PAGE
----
How Feed Is Made

How is Animal Feed Made?
Animal feed is a formulated mixture created by nutritionists-the dieticians of the animal feed world-to provide the animal with the necessary balanced nutrients for proper growth, development and maintenance. Feed is designed to compensate for nutrients and supplements that may be absent from an animal’s natural diet.
Animal nutritionists focus on the dietary needs of animals and work to formulate a nutritionally sound and balanced diet. This occupation requires a substantial science background in animal behavior, biology, chemistry, food processing and physics. Formulating a balanced diet is a complex process; every species requires different nutritional needs. For each animal feed and pet food company, there are animal nutritionists working side-by-side with scientists to formulate the animal diets.
A career as an animal nutritionist requires a bachelor’s degree in animal science or an animal science-related degree and many times a master’s degree and/or doctoral degree in animal nutrition.
There are more than 900 agricultural ingredients and co-products used to create animal and pet food diets. Ingredients include barley, corn, distiller’s grain, forage, fruits, minerals, sorghum, vegetables, vitamins and wheat. Co-products are the outputs from a manufacturing process or chemical reaction. Many animal source and vegetation co-products are used in the formulation of feed. These ingredients include, but are not limited to, animal protein, bakery co-products, blood meal, brewer’s yeast, citrus pulp, distiller’s grain, molasses, soybean meal and salt.

A co-product is a secondary product that is recycled for another purpose. Co-products are commonly used in animal feeds and pet foods. It is a sustainable way to efficiently utilize products.
Feed Processing
Feed mills worldwide use four basic processes to produce animal feed: receiving raw ingredients from suppliers; creating a feed formula based on many years of research; mixing ingredients together to make a complete feed; and packaging and labeling feed to be shipped for commercial or retail purposes.
Receiving raw ingredients from suppliers is the most important process. Upon arrival, ingredients are weighed, tested and analyzed for various nutrients to ensure their quality and safety. This process allows nutritionists to accurately formulate feed for a specific species.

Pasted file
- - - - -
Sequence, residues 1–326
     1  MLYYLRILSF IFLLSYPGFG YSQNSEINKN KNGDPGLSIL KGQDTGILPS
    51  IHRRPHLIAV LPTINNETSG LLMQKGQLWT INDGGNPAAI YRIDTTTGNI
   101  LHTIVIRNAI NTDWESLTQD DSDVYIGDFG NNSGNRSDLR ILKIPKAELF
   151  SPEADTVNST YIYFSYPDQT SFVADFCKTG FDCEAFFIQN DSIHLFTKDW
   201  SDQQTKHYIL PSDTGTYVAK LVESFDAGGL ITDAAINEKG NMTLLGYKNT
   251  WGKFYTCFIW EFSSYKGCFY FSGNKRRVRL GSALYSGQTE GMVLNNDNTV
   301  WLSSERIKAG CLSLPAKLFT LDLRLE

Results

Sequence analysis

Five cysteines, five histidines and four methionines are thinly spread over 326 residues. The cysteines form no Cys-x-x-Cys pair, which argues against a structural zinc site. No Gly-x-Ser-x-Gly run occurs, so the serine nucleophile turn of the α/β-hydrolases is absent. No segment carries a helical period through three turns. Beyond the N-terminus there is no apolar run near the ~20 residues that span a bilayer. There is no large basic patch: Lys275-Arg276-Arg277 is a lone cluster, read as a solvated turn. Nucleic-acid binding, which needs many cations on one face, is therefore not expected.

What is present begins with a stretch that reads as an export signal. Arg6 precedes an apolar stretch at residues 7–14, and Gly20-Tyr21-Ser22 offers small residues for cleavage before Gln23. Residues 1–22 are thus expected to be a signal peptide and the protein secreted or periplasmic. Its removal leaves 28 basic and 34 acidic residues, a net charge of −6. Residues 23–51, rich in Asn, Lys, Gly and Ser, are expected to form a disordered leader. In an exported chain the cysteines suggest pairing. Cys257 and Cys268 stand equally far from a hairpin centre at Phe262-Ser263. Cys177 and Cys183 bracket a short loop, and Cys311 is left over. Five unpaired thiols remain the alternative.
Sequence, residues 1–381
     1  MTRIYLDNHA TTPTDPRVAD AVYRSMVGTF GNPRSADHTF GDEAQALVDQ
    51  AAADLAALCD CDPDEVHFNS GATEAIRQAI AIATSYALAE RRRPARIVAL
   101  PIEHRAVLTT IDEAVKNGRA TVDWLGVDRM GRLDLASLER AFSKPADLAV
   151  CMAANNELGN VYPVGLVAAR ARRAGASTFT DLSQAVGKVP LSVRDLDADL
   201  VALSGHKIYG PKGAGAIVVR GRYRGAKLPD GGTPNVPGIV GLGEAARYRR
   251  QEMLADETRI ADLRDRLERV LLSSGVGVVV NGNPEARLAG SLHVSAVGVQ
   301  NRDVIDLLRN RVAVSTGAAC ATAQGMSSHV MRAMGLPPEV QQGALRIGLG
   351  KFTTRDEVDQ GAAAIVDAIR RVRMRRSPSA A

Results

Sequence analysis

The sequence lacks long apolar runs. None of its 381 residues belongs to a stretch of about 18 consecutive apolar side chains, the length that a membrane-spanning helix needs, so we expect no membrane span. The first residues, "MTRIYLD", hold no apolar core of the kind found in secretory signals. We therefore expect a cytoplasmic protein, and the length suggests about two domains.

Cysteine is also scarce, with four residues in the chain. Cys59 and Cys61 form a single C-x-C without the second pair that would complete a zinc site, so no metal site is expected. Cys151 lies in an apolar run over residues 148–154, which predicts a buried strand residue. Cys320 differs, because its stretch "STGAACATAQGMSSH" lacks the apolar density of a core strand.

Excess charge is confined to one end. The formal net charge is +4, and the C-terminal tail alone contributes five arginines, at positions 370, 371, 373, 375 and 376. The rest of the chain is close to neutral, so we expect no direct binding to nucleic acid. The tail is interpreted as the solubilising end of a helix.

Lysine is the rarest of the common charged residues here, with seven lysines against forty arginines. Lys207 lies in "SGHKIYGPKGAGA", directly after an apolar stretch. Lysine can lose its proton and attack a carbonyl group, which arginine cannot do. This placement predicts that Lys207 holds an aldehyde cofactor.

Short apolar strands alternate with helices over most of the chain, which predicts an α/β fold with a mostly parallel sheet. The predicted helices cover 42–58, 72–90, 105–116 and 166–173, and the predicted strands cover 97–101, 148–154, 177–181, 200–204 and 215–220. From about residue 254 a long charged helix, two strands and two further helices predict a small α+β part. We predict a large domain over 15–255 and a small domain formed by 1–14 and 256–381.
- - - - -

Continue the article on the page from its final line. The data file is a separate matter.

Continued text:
Laboratory testing is an important part of any quality control program because it measures specific components of a feed/ingredient sample to assure that it meets quality specifications. Tests involve chemical, physical and/or electronic measurement to determine the quality of a product in comparison to a predetermined standard.Testing schemes should be developed by quality assurance, nutrition, procurement and production staff. Feed and ingredients are tested for moisture content, protein, fat quality, fat quantity, crude fiber, mycotoxins, pathogens and other key indicators of quality.
Quality Control

Quality control is a set of procedures followed to ensure quality of a product and all factors involved. Quality assurance begins with examination of incoming ingredients. Damage by weather, molds, heat and insects; filth; adulterants; and contaminants can be detected by the microscopist or trained assistants. Mixing quality can also be evaluated rapidly. The presence or absence of micro ingredients, minerals and vitamins are established by observation or by micro spot-testing.
Microscopy is one of the fastest and most fundamental, quality control techniques available for analyses of formula feed and feed ingredient. The various applications of feed microscopy range from identifying and quantifying contaminants and adulterations in supplier samples or incoming ingredients to providing customer support investigations and complaints and brand protection in the marketplace.
Feed microscopy can be divided into two major types-qualitative and quantitative. Qualitative microscopy is the identification and evaluation of ingredients and foreign materials, alone or in mixtures, via either surface features or cellular characteristics. Quantitative microscopy is the subjective, proportioned measurement of ingredients in finished feeds or of contaminants and adulterants in ingredients, and involves examinations by both stereo- and compound microscopes.
Feed manufactures follow regulations governed by the U.S. Food and Drug Administration. FDA is responsible for the regulation of feed and implementation of policies through the state government and the Association of American Feed Control Officials Numerous feed certification programs such as the American Feed Industry Association’s Safe Feed/Safe Food Certification Program

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